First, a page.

Friday, January 30, 2009

The Stained Glass Project: Other Churches, Other Windows

Tomorrow Bishop Martino will announce, via pre-recorded message, the fates of Roman Catholic parishes throughout the Diocese of Scranton. Some will remain as they are, some will absorb other parishes, and some will be absorbed - losing their individual identities forever.

Last week I attended Mass at Holy Trinity church, which is widely assumed to be one of the only Catholic churches that will remain open in Nanticoke. It is the largest, but is also the costliest to operate and has a parking lot that is woefully inadequate even for its current load of parishioners. How - or if - the Diocese intends to deal with the logistical details of these coming mergers remains to be seen.

I was in Holy Trinity Church, sitting near the front. I had taken my camera along with the intention of getting a picture of the window that portrays the head and shoulders of Saint Stanislaus Kostka and then comparing it to a portrait window featuring the same figure in St. Mary's church. But I got there too late to do any sightseeing. So I had to content myself with snapping images of the windows closest to me.

This window, at the front left of Holy Trinity, is clearly designed with a different aesthetic in mind from the ones I have been discussing in Saint Mary's. The window is far more ornate, more like a mosaic of glass with figures thrown in. The main figure portrayed - and I have no idea who this is; it could be Saint Dominic, or Francis Xavier, or Ignatius of Loyola, or any of a hundred other saints - is in a far stiffer pose than the painted glass portraits at St. Mary's, and the child at his side - is this Jesus as a child? Could the older figure be Saint Christopher? - seems disproportionately small.

An interesting feature of this image is that as the sun set, the figures' flesh became a pallid grayish-purple, finally fading to gray entirely.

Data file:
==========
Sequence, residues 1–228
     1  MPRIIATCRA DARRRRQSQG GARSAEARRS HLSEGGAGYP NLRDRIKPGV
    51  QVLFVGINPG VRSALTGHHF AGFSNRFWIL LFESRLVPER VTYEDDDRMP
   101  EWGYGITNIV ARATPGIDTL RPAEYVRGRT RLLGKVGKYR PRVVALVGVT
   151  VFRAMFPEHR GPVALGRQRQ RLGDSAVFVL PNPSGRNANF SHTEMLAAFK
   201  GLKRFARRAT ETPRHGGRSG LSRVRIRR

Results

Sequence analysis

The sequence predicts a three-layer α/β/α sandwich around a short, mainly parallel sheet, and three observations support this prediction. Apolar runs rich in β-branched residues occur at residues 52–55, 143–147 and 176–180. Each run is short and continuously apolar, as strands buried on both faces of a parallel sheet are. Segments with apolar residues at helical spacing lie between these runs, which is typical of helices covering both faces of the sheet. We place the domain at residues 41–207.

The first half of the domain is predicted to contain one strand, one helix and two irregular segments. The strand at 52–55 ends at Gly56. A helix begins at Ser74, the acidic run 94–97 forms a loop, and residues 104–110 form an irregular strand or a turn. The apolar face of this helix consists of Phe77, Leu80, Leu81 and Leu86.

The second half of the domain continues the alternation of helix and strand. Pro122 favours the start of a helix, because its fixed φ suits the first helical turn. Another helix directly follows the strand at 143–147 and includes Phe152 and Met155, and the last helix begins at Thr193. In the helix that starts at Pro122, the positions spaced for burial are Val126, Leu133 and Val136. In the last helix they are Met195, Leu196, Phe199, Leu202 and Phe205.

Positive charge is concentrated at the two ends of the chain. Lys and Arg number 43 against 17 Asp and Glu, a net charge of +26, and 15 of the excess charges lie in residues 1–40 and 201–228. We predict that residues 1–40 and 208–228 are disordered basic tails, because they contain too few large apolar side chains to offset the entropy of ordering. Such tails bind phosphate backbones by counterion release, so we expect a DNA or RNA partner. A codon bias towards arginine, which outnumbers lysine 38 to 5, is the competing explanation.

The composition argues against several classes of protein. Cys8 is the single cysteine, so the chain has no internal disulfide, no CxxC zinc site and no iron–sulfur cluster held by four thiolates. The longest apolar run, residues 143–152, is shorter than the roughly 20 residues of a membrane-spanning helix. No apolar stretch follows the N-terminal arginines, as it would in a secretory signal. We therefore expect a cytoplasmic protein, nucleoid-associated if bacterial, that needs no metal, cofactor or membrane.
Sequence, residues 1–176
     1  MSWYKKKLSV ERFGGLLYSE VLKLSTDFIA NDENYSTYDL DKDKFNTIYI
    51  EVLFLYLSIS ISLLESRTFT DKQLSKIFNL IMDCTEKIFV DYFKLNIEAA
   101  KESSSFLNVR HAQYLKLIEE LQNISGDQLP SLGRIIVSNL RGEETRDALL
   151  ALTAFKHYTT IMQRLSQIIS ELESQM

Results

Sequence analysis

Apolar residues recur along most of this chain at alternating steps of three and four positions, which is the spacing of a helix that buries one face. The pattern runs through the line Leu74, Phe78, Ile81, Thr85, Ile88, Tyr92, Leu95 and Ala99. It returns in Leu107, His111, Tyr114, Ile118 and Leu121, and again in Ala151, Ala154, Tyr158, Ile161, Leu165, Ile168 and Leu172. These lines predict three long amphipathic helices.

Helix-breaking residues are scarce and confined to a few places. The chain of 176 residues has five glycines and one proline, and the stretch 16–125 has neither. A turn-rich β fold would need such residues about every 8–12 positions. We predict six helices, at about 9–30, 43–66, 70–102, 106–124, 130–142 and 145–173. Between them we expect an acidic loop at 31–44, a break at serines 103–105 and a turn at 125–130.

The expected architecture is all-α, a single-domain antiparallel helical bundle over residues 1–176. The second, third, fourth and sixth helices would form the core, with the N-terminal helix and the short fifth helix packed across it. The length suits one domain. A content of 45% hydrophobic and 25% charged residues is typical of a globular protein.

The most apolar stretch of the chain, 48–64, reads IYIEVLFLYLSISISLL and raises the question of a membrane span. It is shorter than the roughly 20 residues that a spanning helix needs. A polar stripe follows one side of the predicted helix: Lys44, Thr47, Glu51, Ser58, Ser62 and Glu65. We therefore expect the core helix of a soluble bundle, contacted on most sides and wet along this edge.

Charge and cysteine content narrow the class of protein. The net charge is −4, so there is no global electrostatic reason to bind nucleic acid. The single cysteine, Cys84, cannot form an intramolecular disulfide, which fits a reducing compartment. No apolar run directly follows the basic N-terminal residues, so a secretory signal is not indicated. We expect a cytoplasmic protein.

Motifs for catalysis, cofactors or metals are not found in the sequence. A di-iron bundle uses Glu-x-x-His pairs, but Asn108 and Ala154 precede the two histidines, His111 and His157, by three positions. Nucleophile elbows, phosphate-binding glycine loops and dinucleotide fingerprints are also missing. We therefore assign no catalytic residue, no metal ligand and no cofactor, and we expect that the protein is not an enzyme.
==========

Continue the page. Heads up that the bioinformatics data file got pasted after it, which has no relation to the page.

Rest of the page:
There are two figures flanking the altar, set high up near the ceiling. Only my image of Saint Peter (identifiable by the keys he holds) came out sharply.

I have been in this church probably less than two dozen times in my life. These windows hold no memories for me, no deeper meaning. But for others, they do. I wish someone from this parish - from every parish - would take it upon themselves to record and preserve these images for all to see, and would share what the windows mean to them.

I am nearly halfway done with the windows of St. Mary's. I will begin to skip around a bit now, postponing discussions of some windows until I get more acceptable images. I'd better locate my tripod soon - I may be running out of opportunities to take these photos.


whimsical brainpan said...

Great pic of beautiful windows! When they close churches can't they save the windows somehow?

D.B. Echo said...

There are ways. The windows can sometimes be removed and installed elsewhere, or removed and sold to collectors. In the case of Holy Trinity, this church is slated to remain open as Nanticoke's sole Catholic church. So these particular windows are safe for now, unless the Bishop decides he needs some extra fuel for his private plane.

whimsical brainpan said...

I've saw a story on the news the other day where parishioners are camping out in churches the Catholic church wants to close. It seems to be a losing battle but I admire their dedication. It must be hard to lose your place of worship because of "budget cuts".

Anonymous said...

I believe this would be St. Vincent de Paul, whose common symbols are children, bread, beard, and skullcap (not sure what it's called). You can view my gallery of Vincent de Paul images here:

D.B. Echo said...

Thank you for the St. Vincent de Paul information! I actually came to this conclusion a while back when I was in this church again. The shields on either side of his head contain letters. To the left is a "St" superimposed on a large "V", and to the right is a "de" nestled under a large "P". Strange way of presenting the name!